If You Can’t Trust a Machine, Then Who Can You Trust?
As machine learning becomes pervasive and our usage of this technology expands here at SAP, we’re thinking more and more about how it relates to trust by our end users. When a system gives you an answer to your business question,what allows you to trust this answer and therefore get value from it? Our belief is that reliability, transparency and consistency are required to trust a machine learning powered system, and so we choose to build these qualities into our products alongside qualities core to machine learning like robustness and accuracy.
Humans Have Established Ways of Building Trust
Why these qualities? Because these are the same qualities we desire in people. We naturally build trust in someone over time when they do what they say they will do, they do it well, and they do it consistently.
When we meet someone for the first time as a complete stranger, we have no basis to know how they will behave. So for example, if we are on the same football team and they offer to give us a ride, we will probably instinctively create a backup plan as we don’t know if they will show up. After that first ride, we become less cautious as we know they intend to follow through. Of course, if that same friend drives erratically or gets us lost, we will lose this confidence in them as clearly they lack skills. Lastly, the friend has to continue to do what they have promised, otherwise we will lose trust.
Trusting Augmented Systems
Why though, is trust important for SAP systems when it comes to machine learning? To build trusted features, we have to embed the qualities that people use to build trust with each other into our systems. As SAP, this means we are investing in a multitude of aspects to build the trust between our end users and our systems.
Priority 1: Be Clear
First, it means transparency, and clarity of why we are giving you a particular answer. We do this through various techniques of Explainable AI including reason codes, key influencers, quality and precision KPIs when using machine learning in the background.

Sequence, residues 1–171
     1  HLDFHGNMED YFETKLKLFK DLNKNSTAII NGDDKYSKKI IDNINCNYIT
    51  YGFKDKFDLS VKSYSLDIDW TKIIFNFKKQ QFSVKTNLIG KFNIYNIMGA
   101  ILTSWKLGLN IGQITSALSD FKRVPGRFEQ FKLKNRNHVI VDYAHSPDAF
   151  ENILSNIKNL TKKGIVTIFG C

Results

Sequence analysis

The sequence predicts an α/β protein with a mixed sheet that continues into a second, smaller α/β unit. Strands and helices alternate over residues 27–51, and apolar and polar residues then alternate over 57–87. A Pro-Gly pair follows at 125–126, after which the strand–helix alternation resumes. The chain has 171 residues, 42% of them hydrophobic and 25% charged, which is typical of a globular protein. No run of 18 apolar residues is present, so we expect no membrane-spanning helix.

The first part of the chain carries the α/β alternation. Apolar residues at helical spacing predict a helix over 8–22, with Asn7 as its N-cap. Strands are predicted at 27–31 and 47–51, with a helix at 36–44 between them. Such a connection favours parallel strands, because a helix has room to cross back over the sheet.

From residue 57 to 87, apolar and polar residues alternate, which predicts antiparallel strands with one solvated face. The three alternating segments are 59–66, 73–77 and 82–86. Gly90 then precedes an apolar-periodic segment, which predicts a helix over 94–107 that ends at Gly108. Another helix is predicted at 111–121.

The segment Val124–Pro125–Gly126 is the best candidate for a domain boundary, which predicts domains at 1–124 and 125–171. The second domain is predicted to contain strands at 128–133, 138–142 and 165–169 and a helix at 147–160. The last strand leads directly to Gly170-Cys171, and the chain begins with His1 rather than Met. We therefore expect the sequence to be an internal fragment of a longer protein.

So for example, in SAP Analytics Cloud, if you predict customer lifetime value, the system automatically provides a list of key indicators that contribute to the prediction as well as a list of customers that were so unusual that they were excluded from the underlying machine learning model.
Priority 2: Be Consistent
Second, it means being consistent. At SAP, this means being able to provide a similar experience across a wide range of use cases.
For example, being able to forecast in different workflows throughout SAP Analytics Cloud and seeing the same quality indicators whether you are working inside a chart, building a planning forecast, or building a predictive model. With the same data, you should receive the same answer, regardless of the workflow.
Priority 3: Be Reliable
Third, it means being reliable. The most important part of being trustworthy is to tell it like it is, one of our core SAP values. Sometimes a machine learning algorithm can’t solve your problem, as there isn’t enough input data, there aren’t any strong patterns in the data, or the data is not in the right shape. These scenarios are highlighted by low quality indicators, or if it isn’t reliable we will give you no results at all.
This gives you the confidence in our respect for model accuracy and robustness that when you do get results you can trust them.
IDC trends show that data will explode ten-fold by 2025, meaning human intelligence simply isn’t enough. Without being able to trust automated systems, you can’t harness the value of the vast data inside.
What do you need in order to trust a system to provide you an automated answer?